A team of American diplomats in Libya is dead at the hands of a pack of ruthless thugs whose rage against Americans is far from sated.
One year ago, Ambassador Chris Stevens was a hero of the Libyan insurgency that toppled Moammar Gadhafi. The ambassador died Tuesday at the hands of insurgents unable to comprehend his important contribution to their nation’s liberation. He and three colleagues were killed by zealots eager to execute any American over a YouTube video Stevens had nothing to do with and likely, never saw.
Leaders of Libya’s new government apologized profusely and, we assume, genuinely, over the mob attack that took the life of Stevens and three in his diplomatic corps. No matter. This fledgling regime seems powerless against a fractured populace and disbanded military that left this nation conflicted, lawless and heavily armed.
Scarier still? Libya may not be America’s biggest problem right now.
The YouTube video — a
10-minute trailer promoting a feature film depicting the prophet Muhammed as a lascivious thug — is comically bad. American actors ham it up with phony Arab accents and pose in studio scenes blended in front of filmed desert backdrops purporting to be 7th century Medina. In one scene, camels race across a desert criss-crossed with tire tracks.
This film’s only threat is to the craft of filmmaking.
Still, the video excerpts sparked demonstrations throughout the Arab world, including a rabble pressing on the U.S. embassy in Cairo. A representative of the Muslim Brotherhood in Cairo immediately called for the U.S. government to condemn and prosecute the filmmakers, whom they refer to in a statement as “madmen.”
The Muslim Brotherhood sponsored Mohamed Morsi’s candidacy to become the first democratically elected Egyptian president after the overthrow of Hosni Mubarak. A Brotherhood representative told a New York Times reporter that Egyptians should respond to the film with “civilized demonstrations.” But the Muslim Brotherhood condemned the film, not the violent protests.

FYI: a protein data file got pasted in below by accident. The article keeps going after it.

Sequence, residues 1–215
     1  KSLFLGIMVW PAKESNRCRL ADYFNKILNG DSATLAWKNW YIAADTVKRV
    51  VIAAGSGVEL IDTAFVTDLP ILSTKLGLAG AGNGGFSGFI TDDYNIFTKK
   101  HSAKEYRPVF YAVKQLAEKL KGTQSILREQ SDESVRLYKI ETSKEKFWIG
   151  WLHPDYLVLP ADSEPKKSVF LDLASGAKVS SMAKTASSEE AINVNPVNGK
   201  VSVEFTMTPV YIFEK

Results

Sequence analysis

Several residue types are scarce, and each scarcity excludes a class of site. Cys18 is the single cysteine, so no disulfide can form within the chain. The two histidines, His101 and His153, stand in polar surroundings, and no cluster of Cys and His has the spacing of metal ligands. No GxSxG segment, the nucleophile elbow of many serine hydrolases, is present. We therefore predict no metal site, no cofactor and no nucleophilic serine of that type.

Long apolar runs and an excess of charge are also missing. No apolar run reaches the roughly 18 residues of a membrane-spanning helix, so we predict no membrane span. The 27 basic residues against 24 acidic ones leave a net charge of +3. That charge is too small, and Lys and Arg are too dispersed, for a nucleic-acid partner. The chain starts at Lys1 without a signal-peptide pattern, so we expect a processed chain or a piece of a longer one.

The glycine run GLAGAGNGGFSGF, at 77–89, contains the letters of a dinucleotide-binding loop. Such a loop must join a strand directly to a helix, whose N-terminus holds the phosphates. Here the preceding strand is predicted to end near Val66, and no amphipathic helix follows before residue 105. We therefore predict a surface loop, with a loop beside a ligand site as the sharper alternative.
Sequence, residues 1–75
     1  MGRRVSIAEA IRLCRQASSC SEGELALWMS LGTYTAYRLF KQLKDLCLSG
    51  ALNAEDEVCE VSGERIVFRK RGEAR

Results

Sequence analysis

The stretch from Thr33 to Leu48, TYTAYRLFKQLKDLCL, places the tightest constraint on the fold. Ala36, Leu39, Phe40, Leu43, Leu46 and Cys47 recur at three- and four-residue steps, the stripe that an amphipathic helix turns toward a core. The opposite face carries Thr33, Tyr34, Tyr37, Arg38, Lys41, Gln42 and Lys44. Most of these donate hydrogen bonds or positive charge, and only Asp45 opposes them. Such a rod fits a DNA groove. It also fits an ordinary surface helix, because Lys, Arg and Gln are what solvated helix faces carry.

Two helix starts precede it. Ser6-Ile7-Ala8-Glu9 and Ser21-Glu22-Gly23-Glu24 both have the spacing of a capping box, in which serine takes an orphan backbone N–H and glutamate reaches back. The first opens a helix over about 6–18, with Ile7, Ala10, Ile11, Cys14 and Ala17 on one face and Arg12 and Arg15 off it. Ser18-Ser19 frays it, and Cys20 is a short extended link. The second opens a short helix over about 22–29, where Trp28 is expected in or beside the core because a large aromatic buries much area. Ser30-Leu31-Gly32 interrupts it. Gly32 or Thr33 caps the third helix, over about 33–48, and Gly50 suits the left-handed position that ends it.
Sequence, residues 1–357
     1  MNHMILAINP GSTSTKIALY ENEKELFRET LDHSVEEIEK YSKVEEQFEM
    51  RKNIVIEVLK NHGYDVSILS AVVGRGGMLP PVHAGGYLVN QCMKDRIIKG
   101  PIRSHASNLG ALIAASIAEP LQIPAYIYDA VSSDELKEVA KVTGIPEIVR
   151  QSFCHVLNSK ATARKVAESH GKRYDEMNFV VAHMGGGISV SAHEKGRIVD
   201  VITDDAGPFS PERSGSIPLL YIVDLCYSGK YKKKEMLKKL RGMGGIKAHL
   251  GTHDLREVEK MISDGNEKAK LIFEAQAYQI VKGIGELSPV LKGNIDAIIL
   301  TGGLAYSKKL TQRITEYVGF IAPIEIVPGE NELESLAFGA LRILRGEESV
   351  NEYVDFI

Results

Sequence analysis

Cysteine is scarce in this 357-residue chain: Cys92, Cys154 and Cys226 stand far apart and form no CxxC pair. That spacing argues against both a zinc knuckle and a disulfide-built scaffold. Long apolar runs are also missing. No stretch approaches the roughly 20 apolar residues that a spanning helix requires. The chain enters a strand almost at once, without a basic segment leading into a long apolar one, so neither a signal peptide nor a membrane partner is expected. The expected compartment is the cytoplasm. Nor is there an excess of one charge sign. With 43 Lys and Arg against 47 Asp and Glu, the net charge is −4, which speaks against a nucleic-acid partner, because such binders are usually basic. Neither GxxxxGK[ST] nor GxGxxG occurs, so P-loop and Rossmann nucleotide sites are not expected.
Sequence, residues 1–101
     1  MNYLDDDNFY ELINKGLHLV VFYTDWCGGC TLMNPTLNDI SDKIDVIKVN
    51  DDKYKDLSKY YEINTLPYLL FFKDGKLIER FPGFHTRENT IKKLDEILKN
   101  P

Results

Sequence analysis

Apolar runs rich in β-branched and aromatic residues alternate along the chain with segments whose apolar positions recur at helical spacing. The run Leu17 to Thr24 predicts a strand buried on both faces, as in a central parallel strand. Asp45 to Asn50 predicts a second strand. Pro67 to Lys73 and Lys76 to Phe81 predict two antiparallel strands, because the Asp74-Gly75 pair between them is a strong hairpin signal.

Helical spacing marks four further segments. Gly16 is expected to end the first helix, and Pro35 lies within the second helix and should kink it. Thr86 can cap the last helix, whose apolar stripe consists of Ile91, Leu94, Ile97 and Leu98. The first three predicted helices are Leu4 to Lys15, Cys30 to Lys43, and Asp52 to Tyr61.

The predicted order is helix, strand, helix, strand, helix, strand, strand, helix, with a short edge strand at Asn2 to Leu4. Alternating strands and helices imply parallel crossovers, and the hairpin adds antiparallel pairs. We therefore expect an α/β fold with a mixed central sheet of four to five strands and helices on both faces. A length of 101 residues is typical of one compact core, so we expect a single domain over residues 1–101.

The vicious attack in Libya and growing protests in Egypt reveal a threat emerging from an Arab spring Americans hoped would bring democracy. Democracy requires tolerance of dissent. Secretary of State Hillary Clinton said the slain ambassador, “risked his life to stop a tyrant and gave his life trying to build a better Libya.”
The mobs in Libya foolishly seem to elevate a dull depiction of their prophet by a private filmmaker over our entire nation’s humanitarian and military support that liberated their nation just one year ago.
Libyan leaders blame the violence on a small group, perhaps fueled by resentful Gadhafi loyalists. That’s a small comfort. Portions of the Arab world remain rife with lawless, armed, uneducated zealots prepared to lash out in defense of a faith they flout every time they plunder, maim and kill.
Libya’s new leaders seem to understand that as they apologize profusely and hope to mend diplomatic relations. But in Egypt, a nation of 82.5 million people — 13 times bigger than Libya — the ruling Muslim Brotherhood expects the U.S. to condemn, prosecute and jail the filmmakers.